110    Since the Board of Appeal’s conclusion confirmed in paragraph 107 above is sufficient to justify the application of Article 8(1)(b) of Regulation No 207/2009 in the present case, the first plea in law, alleging infringement of that provision, must be rejected.

111    The application of Article 8(1)(b) of Regulation No 207/2009 in the present case is sufficient to justify the contested decision, by which the Board of Appeal, first, annulled in its entirety the Opposition Division’s decision rejecting the intervener’s opposition in its entirety and, second, rejected the EU trade mark application in respect of all the services covered by the mark applied for. Consequently, the rejection of the first plea in law is sufficient to justify the dismissal of the present action as unfounded, in so far as it seeks annulment of the contested decision.

112    Accordingly, and without it being necessary to give a ruling on the second plea in law, alleging infringement of Article 8(4) of Regulation No 207/2009, the present action must be dismissed.

 Costs

113    Under Article 134(1) of the Rules of Procedure of the General Court, the unsuccessful party is to be ordered to pay the costs if they have been applied for in the successful party’s pleadings. In addition, pursuant to Article 190(2) of the Rules of Procedure, costs necessarily incurred by the parties for the purposes of the proceedings before the Board of Appeal are to be regarded as recoverable costs.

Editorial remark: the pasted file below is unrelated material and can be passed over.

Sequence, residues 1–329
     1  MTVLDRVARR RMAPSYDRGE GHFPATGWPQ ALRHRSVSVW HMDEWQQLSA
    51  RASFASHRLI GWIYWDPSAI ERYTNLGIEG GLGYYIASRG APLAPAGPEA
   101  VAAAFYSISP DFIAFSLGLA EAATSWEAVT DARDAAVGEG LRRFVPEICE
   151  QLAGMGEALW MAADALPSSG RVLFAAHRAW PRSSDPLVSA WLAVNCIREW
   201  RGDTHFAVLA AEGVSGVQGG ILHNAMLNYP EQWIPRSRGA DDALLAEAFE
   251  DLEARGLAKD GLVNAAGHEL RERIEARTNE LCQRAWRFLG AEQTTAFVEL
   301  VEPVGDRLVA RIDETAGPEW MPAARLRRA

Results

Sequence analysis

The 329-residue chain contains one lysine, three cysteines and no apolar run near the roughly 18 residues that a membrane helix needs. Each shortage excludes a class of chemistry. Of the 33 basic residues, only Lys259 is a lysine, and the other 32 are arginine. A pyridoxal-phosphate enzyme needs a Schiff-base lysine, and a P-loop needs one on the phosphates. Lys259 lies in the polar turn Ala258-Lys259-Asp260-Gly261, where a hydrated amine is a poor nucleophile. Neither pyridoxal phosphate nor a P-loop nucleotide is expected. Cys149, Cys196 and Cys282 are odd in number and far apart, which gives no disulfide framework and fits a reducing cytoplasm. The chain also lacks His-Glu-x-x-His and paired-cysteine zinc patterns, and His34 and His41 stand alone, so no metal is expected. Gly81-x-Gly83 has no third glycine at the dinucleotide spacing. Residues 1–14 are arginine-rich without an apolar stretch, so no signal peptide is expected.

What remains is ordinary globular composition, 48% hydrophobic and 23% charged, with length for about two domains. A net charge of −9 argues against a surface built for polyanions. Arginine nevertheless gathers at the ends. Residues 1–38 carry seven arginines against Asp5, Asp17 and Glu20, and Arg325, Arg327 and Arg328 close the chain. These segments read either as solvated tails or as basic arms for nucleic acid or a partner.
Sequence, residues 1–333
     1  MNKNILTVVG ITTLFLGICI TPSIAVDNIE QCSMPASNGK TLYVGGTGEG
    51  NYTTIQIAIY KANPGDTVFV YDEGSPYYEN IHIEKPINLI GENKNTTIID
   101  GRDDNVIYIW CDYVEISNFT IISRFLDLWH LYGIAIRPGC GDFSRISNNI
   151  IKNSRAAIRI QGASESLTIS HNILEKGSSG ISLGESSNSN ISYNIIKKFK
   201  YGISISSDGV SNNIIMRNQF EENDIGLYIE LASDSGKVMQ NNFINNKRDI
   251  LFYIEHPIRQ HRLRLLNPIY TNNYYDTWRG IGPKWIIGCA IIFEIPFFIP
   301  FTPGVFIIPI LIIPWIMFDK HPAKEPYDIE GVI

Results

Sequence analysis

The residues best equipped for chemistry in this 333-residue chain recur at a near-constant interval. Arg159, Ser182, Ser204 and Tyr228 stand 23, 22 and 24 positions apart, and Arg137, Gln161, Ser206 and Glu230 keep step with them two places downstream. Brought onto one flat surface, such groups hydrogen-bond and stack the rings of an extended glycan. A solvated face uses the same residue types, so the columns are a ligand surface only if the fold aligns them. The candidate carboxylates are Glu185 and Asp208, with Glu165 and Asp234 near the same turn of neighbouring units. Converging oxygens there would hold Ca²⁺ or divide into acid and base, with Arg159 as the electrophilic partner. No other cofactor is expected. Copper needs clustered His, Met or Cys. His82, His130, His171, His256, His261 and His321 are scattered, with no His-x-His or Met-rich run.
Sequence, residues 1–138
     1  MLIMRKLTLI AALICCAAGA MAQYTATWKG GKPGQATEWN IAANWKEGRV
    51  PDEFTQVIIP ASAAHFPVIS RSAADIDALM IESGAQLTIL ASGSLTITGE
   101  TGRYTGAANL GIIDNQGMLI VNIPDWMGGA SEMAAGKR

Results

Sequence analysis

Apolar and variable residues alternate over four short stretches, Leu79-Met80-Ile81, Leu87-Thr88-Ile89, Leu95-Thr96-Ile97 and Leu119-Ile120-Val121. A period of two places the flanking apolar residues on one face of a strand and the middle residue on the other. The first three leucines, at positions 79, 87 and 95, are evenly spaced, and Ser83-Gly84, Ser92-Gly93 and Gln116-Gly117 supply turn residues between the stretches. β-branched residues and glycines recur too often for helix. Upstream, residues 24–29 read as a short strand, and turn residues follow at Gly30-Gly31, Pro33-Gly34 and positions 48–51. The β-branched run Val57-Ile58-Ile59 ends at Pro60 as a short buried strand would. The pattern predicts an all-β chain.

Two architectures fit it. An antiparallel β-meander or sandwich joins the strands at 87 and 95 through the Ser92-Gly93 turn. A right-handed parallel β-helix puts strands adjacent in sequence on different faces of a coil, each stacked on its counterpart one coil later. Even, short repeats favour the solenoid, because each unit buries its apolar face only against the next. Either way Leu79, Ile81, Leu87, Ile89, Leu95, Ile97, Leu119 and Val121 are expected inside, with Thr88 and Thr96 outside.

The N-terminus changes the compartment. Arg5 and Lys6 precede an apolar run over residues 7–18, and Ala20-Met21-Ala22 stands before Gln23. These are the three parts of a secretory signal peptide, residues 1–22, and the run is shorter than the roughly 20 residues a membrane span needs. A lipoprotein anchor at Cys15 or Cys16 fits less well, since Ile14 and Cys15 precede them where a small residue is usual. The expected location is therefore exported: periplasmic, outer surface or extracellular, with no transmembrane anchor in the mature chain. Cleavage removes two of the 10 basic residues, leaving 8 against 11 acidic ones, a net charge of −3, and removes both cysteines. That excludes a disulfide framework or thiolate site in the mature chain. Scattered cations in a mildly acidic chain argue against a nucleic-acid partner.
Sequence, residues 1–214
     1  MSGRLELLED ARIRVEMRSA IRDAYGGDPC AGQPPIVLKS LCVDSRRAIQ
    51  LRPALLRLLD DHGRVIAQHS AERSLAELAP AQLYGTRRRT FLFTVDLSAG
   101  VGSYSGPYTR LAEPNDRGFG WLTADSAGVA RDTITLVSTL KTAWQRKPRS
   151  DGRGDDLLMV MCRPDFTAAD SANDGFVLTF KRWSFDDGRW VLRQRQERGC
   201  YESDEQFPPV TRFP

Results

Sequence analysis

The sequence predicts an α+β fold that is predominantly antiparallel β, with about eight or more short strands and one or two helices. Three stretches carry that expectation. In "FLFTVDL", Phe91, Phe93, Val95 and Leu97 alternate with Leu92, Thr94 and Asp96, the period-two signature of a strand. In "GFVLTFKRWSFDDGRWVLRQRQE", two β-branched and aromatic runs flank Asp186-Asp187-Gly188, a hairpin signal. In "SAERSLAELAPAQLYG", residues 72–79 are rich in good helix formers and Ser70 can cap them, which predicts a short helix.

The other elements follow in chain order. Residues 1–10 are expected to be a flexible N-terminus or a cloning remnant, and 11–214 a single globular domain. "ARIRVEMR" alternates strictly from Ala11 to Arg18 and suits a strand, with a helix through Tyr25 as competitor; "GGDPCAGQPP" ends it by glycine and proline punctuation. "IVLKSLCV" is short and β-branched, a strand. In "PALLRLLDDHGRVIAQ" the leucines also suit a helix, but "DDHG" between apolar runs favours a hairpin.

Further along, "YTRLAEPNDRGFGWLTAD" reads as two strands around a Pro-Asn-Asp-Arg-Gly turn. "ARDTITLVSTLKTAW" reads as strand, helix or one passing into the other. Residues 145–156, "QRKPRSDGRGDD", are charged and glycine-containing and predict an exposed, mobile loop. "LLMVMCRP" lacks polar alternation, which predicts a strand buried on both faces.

114    As the applicant has been unsuccessful, it must be ordered to bear its own costs and to pay those incurred by EUIPO for the purposes of the present proceedings and by the intervener for the purposes of the proceedings before the Board of Appeal, in accordance with the forms of order sought by EUIPO and the intervener.

On those grounds,

THE GENERAL COURT (First Chamber),

hereby:

1.      Dismisses the action.

2.      Orders Construlink — Tecnologias de Informação, SA to bear its own costs and to pay those incurred by the European Union Intellectual Property Office (EUIPO) for the purposes of the present proceedings and by Wit-Software, Consultoria e Software para a Internet Móvel, SA for the purposes of the proceedings before the Board of Appeal.

Kanninen

Pelikánová

Buttigieg

Delivered in open court in Luxembourg on 17 February 2017.

E. Coulon

      H. Kanninen

Registrar

President

Table of contents

Background to the dispute

Forms of order sought

Law

Admissibility of the third head of claim, requesting the Court to consider the trade mark application fully sustained

Admissibility of the judgment of the tribunal da propriedade intelectual de Lisboa produced for the first time before the Court

Substance

Relevant public

Comparison of the services concerned

Comparison of the marks at issue

– Dominant or most important elements of the marks at issue

– Visual similarity

– Phonetic similarity

– Conceptual similarity

Likelihood of confusion

Costs